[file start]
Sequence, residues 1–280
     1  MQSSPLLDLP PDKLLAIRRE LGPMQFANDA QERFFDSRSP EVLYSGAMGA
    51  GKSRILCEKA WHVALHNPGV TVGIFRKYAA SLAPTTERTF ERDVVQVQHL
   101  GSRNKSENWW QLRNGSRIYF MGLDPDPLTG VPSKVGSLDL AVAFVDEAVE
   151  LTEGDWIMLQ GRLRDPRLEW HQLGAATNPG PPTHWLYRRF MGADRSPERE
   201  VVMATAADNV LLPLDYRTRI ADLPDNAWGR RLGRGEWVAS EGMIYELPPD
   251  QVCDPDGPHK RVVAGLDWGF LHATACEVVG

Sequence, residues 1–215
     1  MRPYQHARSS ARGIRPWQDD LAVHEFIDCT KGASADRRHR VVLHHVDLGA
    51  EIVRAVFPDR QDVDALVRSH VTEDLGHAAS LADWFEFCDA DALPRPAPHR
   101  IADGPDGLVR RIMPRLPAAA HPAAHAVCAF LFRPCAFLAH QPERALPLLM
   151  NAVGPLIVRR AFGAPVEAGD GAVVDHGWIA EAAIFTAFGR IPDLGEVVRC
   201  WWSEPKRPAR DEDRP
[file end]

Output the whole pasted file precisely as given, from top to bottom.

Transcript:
Sequence, residues 1–280
     1  MQSSPLLDLP PDKLLAIRRE LGPMQFANDA QERFFDSRSP EVLYSGAMGA
    51  GKSRILCEKA WHVALHNPGV TVGIFRKYAA SLAPTTERTF ERDVVQVQHL
   101  GSRNKSENWW QLRNGSRIYF MGLDPDPLTG VPSKVGSLDL AVAFVDEAVE
   151  LTEGDWIMLQ GRLRDPRLEW HQLGAATNPG PPTHWLYRRF MGADRSPERE
   201  VVMATAADNV LLPLDYRTRI ADLPDNAWGR RLGRGEWVAS EGMIYELPPD
   251  QVCDPDGPHK RVVAGLDWGF LHATACEVVG

Sequence, residues 1–215
     1  MRPYQHARSS ARGIRPWQDD LAVHEFIDCT KGASADRRHR VVLHHVDLGA
    51  EIVRAVFPDR QDVDALVRSH VTEDLGHAAS LADWFEFCDA DALPRPAPHR
   101  IADGPDGLVR RIMPRLPAAA HPAAHAVCAF LFRPCAFLAH QPERALPLLM
   151  NAVGPLIVRR AFGAPVEAGD GAVVDHGWIA EAAIFTAFGR IPDLGEVVRC
   201  WWSEPKRPAR DEDRP